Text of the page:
By measuring the gravity vector, an accelerometer can determine whether then handset is being held vertically or horizontally to shift the display from portrait or landscape mode. The most important requirement for this application is very low power consumption as the accelerometer will be on whenever the display is on. Bandwidth-is normally set to less than 1 Hz (through software filtering) so as not have the display flip around due to random vibration.
An integrated Global Positioning System (GPS) receiver or triangulation of base stations can be used to determine the position of a mobile handset. But with such a small display available it is advantageous to use the entire display to show the user what is in front of them. Normally, an electronic compass is used to determine heading, but compasses must be held parallel to the surface of the Earth to minimize heading error. This error varies based on ones distance from the Earth's magnetic equator. In Boston, for example, each degree of deviation from parallel to the Earth's surface results in a heading error of 3 deg. When using a mobile phone, the compass may be tilted 45 deg., so huge heading errors can result. An accelerometer can be used to determine the handsets (and the compass') actual orientation with respect to the surface of the Earth to compensate this error. Key specifications for the accelerometer in this application would be high 0 g bias and sensitivity accuracy and stability. The overall error should be less than 50 mg to keep heading error down to a reasonable value.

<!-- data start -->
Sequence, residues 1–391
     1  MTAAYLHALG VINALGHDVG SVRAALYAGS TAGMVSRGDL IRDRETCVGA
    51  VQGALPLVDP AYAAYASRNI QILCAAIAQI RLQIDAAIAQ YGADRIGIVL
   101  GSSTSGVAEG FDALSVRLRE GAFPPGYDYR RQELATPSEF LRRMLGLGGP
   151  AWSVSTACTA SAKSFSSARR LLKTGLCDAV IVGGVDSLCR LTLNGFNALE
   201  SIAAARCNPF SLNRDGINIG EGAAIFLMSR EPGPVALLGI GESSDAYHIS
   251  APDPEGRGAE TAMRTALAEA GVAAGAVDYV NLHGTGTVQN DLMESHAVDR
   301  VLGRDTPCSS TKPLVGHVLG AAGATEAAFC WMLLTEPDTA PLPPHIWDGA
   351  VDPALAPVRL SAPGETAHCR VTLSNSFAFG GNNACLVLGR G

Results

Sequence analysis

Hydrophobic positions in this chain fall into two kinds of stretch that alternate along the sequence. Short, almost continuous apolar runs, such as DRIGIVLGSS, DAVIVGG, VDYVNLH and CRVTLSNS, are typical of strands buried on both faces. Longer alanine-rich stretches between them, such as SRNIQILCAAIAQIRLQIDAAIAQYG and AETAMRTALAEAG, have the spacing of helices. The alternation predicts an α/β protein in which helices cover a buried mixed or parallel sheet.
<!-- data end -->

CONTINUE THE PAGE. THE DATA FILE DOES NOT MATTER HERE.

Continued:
An accelerometer can easily perform step counting during a workout. However, step counting does not yield accurate travel distance, because step length varies widely from person to person (roughly 30 percent) and also depends on walking speed (generally more than 25 percent). But by actually measuring the acceleration experienced by the mobile phone (in a pocket or a belt clip) a very good estimate of the distance traveled can be made. Algorithms in the public domain exist that promise step counting accuracies of better than 95 percent and distance walked accuraciesof better than 90 percent.1 Accelerometer-requirements for pedometers include low power operation (since the accelerometer will be on all of the time) and a measurement range of at least 2 g.